Tag Archives: the corrections

Consciously Uncoupling & Jonathan Franzen

Are you married? Do you have a child/children? Do you find yourself staying with your partner mostly (or completely) because of the kids?

The New York Times ran a thought-provoking article a few months ago that I recently came across. The piece by Cole Kazdin, titled “The Original Conscious Uncouplers,” is the story of two parents who stay together for the sake of the kids. Theirs is a relationship devoid of affection or romance, but replete with love and kindness for their offspring. When the kids are deemed old enough to handle the news, the parents announce they are getting divorced, and what was once a seemingly perfect family where nobody fought or raised their voice quickly becomes a war zone, one in which the mother and father can’t even stand being in the same room together.

I know I’m not alone when I say I can relate to this scenario all too well. For me, fewer things represent (and stain) my generation than divorced parents (twice over in my case), some of whom consciously uncoupled, some of whom just went to blows while the ink was still drying on the marriage license.

In literature, it’s easy to find extreme relationships written about very well. Whether it’s the epic love story of books like The Map of Love or The Count of Monte Cristo, or the doomed love of books like Anna Karenina and Madame Bovary, it’s harder to find novels that explore marriage from the ground level, so to speak, a more realistic approach.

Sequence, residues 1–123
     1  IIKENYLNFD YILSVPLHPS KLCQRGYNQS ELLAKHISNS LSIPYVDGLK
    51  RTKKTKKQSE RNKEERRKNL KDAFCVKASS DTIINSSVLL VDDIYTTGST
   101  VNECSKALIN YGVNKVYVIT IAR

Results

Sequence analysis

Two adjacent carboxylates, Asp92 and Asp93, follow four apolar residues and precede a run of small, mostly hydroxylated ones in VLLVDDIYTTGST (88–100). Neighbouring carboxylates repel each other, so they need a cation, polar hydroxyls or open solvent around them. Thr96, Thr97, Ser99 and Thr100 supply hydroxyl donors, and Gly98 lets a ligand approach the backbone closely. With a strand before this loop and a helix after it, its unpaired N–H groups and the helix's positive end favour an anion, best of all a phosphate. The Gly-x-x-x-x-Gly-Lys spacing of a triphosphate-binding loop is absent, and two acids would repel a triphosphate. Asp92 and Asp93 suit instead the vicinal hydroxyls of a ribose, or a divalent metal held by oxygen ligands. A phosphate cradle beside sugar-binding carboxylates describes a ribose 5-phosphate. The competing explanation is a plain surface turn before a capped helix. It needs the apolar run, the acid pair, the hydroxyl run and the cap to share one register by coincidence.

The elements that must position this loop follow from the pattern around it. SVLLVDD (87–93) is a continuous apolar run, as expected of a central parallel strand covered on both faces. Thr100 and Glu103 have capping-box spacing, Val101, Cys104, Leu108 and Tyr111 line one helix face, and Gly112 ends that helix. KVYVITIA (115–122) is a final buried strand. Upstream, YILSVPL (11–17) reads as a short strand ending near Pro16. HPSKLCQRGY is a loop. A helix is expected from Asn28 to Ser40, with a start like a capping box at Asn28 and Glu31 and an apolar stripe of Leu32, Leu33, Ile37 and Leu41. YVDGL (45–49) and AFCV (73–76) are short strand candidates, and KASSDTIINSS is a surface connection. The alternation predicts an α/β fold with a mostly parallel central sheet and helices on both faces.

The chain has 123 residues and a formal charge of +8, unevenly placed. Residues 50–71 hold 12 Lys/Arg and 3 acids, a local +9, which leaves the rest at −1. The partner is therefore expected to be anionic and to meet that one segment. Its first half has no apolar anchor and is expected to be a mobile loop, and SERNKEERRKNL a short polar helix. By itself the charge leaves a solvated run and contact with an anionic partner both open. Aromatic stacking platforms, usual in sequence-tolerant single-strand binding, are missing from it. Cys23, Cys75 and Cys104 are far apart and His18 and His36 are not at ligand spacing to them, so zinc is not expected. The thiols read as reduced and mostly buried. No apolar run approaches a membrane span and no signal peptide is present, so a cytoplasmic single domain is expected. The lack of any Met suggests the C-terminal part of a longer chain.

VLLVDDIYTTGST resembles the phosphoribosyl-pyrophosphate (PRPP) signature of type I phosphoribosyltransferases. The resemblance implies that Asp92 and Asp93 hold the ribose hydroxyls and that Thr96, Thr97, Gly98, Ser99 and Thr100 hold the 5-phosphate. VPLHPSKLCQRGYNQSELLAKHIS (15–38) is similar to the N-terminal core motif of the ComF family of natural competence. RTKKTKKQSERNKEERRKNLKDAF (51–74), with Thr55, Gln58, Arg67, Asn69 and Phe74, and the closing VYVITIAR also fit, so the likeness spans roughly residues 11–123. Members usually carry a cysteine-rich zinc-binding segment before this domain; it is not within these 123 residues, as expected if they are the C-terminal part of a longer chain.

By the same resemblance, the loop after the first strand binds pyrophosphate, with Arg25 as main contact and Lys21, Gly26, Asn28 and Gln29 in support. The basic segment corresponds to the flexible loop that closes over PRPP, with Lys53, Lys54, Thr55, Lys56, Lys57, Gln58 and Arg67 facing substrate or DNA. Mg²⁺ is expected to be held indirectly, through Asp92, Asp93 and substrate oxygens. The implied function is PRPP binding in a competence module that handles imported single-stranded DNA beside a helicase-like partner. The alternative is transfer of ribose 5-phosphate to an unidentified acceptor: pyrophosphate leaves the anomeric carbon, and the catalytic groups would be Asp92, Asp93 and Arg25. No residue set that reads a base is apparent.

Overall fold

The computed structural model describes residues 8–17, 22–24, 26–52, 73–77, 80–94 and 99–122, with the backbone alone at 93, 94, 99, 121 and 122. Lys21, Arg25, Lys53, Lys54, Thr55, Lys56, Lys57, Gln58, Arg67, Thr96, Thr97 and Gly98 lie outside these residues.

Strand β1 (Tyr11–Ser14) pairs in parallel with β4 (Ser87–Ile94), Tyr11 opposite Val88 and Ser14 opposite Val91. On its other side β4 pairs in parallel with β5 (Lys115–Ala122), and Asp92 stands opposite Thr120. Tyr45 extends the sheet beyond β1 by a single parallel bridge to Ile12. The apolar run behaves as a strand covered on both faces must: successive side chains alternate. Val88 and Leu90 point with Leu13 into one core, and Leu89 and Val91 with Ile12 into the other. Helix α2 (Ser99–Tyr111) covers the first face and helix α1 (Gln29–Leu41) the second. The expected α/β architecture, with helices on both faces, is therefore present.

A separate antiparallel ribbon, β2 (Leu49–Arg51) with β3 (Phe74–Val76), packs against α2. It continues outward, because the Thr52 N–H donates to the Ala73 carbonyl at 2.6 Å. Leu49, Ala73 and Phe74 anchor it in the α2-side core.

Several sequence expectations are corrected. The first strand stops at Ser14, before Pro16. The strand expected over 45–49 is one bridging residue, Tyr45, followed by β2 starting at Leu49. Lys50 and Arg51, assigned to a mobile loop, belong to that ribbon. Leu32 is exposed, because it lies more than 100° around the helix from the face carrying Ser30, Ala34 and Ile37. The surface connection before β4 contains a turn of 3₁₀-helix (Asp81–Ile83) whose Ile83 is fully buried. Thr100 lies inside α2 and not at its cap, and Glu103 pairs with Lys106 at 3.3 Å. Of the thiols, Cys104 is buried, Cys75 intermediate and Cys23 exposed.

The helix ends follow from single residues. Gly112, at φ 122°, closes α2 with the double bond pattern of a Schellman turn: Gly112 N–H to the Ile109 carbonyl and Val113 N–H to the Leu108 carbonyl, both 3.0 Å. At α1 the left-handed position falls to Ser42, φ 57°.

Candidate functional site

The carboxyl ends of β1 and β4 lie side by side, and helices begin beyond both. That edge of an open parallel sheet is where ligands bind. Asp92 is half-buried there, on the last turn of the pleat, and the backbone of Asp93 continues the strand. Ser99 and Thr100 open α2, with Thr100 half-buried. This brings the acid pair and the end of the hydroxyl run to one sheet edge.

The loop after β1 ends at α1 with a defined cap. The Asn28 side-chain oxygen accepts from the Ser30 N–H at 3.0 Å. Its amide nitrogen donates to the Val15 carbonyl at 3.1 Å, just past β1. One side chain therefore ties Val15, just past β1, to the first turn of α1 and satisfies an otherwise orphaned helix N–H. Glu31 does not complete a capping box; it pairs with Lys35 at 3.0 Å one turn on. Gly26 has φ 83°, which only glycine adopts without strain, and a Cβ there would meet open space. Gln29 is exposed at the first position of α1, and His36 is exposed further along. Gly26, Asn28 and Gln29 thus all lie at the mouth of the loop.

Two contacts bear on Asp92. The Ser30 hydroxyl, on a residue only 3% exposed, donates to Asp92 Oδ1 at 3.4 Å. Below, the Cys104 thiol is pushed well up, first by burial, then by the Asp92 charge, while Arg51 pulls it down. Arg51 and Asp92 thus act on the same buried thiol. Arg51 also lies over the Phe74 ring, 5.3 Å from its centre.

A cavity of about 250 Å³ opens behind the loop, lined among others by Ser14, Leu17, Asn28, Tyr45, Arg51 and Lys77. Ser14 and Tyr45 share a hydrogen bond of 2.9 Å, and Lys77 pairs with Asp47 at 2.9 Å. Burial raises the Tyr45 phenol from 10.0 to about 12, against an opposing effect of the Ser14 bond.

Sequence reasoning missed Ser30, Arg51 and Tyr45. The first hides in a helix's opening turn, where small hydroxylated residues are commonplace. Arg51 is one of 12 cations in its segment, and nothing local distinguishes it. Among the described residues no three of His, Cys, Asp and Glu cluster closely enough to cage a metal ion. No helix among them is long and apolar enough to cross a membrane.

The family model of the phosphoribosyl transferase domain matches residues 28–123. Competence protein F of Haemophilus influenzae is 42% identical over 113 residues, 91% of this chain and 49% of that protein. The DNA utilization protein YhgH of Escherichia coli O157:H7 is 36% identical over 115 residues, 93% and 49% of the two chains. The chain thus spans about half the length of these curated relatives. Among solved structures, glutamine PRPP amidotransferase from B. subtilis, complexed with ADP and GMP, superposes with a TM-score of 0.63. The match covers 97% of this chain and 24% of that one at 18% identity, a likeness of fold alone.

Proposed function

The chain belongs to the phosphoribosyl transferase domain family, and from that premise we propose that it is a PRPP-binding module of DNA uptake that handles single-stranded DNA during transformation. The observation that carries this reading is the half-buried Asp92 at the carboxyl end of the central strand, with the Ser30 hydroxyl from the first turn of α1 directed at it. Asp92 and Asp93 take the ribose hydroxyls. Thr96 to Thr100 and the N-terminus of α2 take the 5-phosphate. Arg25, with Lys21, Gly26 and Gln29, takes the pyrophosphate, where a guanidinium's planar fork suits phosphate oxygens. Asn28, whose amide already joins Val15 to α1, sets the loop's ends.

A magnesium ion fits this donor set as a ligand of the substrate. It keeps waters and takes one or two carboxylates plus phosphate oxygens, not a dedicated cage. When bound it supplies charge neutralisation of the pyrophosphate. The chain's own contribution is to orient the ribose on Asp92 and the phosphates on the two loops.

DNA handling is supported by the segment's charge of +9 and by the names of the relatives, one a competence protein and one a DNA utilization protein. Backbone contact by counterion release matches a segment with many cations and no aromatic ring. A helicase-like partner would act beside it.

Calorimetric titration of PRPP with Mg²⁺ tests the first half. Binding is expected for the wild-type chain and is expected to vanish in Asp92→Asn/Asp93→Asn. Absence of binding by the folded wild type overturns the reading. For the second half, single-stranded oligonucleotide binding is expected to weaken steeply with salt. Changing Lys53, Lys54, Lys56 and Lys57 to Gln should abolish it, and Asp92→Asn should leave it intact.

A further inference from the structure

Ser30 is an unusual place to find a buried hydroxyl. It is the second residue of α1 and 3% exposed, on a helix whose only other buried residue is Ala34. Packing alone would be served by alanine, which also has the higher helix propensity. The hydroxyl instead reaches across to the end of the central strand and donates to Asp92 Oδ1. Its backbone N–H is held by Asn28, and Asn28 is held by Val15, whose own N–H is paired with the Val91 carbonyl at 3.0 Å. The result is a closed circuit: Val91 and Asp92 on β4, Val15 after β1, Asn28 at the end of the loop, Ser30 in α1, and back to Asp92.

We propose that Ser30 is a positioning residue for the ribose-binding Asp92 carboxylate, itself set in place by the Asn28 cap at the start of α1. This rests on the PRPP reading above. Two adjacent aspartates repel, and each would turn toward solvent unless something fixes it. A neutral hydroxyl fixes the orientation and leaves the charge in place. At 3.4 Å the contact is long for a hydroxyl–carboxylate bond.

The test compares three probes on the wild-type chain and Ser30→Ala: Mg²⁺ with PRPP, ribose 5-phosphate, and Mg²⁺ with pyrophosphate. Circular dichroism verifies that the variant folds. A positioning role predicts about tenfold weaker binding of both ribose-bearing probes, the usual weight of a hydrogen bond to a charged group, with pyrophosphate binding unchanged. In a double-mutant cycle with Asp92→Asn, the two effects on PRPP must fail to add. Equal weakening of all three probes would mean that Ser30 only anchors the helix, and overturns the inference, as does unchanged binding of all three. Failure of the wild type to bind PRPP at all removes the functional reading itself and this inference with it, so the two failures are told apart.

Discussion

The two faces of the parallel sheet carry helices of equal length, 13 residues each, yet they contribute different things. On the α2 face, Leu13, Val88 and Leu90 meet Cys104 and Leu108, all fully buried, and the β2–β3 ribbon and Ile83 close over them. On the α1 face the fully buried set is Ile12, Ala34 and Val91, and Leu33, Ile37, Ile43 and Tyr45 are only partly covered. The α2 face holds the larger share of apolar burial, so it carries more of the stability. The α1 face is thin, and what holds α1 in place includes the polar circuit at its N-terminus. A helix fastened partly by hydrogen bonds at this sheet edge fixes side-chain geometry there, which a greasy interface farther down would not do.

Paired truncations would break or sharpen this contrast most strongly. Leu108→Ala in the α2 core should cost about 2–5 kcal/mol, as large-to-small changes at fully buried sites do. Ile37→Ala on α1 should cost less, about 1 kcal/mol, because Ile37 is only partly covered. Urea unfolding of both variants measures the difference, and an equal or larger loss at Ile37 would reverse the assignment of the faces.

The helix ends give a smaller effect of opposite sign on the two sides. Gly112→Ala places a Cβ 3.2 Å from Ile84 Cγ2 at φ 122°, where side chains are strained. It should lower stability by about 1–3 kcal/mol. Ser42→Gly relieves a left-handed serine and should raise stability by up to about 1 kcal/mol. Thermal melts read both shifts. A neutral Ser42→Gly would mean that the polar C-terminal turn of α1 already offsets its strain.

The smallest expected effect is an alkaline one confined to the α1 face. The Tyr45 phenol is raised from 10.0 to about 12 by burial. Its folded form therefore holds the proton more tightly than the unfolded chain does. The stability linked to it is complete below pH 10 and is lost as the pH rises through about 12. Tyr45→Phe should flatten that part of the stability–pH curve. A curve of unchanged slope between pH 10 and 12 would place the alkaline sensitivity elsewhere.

Reading this NYT article reminded me of Jonathan Franzen’s Freedom. The Corrections may have been his coming-out party – and a good book in its own right – but it was Freedom that earned Franzen a place among the pantheon of great American writers. And for good reason. Although it could very well have been 100 pages shorter, it’s one of the most realistic fictional accounts of family life in middle America I’ve ever read. In some ways, Franzen has carried the torch forward from Updike’s “Rabbit” series, which chronicled everyday life, including marriage, in a compelling and believable way like few others.

Fortunately, Cole Kazdin’s article has a happy ending after a tumultuous relationship finally rights itself, one in which love and kindness win out. I guess sometimes there really is a silver lining in real life.


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